1,100 US counties face water supply crisis by 2050, says report

A new analysis for the Natural Resources Defense Council (NRDC), examining the effects of global warming on water supply and demand in the contiguous United States, has found that more than 1,100 counties will face higher risks of water shortages by mid-century as the result of global warming.

Not including Alaska and Hawaii, this is more than a third of the counties in the USA.

The analysis by Tetra Tech finds that more than 400 of these counties will face extremely high risks of water shortages. Some states have an extreme or high risk to water sustainability, or are likely to see limitations on water availability as demand exceeds supply by 2050.

These areas include parts of Arizona, Arkansas, California, Colorado, Florida, Idaho, Kansas, Mississippi, Montana, Nebraska, Nevada, New Mexico, Oklahoma and Texas. In particular, in the Great Plains and Southwest United States, water sustainability is at extreme risk, says the report.

While water management and climate change adaptation plans will be essential to lessen the impacts, they cannot be expected to counter the effects of a warming climate, the report warns. One reason is that the changes may simply outrun the potential for alternatives such as modifying withdrawals, increasing water use efficiency, increased water recycling, enhancing groundwater recharge, rainwater harvesting and inter-basin or inter-county transfers to make up for water deficits.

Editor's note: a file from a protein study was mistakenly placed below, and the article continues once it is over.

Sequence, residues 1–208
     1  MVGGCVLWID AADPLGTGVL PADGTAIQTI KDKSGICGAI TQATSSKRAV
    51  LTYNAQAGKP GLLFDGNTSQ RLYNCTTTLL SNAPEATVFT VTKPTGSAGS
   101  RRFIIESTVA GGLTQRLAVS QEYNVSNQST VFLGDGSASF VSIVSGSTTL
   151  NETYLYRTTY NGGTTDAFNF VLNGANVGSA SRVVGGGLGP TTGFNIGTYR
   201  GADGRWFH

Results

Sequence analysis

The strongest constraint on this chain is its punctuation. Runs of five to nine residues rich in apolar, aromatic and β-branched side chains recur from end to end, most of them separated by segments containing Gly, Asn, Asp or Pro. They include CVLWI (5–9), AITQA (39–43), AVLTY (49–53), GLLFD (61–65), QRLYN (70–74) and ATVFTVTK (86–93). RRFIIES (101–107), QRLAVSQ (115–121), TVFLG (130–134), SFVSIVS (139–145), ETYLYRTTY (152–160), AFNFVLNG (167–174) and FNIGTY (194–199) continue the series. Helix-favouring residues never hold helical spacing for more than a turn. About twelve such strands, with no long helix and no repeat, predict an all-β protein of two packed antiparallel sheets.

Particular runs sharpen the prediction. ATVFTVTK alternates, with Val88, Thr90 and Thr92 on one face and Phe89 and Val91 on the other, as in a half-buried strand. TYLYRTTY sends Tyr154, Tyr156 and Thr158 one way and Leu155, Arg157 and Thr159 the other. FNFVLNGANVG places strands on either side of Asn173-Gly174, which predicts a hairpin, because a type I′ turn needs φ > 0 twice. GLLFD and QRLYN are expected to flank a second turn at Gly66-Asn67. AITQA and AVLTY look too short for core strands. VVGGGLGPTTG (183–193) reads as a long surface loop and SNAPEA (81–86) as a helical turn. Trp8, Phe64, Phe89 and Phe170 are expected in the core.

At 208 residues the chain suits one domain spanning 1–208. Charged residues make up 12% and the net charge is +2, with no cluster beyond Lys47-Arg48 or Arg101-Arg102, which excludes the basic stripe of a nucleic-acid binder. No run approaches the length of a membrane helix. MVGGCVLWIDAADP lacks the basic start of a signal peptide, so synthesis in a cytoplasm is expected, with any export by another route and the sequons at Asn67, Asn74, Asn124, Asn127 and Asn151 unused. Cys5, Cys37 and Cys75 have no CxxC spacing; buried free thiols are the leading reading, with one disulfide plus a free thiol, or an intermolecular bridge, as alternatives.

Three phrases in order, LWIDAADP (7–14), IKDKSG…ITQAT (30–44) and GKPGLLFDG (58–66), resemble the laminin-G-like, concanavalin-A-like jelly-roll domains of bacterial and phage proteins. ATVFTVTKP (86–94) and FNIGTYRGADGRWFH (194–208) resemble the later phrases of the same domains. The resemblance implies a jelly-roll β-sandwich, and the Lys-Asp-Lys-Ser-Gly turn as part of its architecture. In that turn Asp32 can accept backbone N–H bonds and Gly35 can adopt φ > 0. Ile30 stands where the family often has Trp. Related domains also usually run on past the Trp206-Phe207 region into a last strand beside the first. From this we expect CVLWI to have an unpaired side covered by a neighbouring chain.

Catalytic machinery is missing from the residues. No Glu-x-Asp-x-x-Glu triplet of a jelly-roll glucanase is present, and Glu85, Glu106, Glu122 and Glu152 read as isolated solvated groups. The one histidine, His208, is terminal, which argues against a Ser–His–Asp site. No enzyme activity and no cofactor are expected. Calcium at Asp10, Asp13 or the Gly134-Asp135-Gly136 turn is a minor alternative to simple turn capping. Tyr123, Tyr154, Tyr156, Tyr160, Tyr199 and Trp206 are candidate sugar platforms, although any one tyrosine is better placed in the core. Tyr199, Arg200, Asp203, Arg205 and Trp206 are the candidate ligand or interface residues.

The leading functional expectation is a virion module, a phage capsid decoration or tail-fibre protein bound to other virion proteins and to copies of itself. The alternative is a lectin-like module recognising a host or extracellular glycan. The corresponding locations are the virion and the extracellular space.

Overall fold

The widespread nature of the risk of water shortages may also limit the effectiveness of local solutions – such as acquiring more water from a neighboring county or basin – since many other localities will be trying to get control of the same resource.

Water withdrawal will grow by 25% in many areas of the US including the arid Arizona/New Mexico area, the populated areas in the South Atlantic region, Florida, the Mississippi River basin, and Washington DC and surrounding regions.


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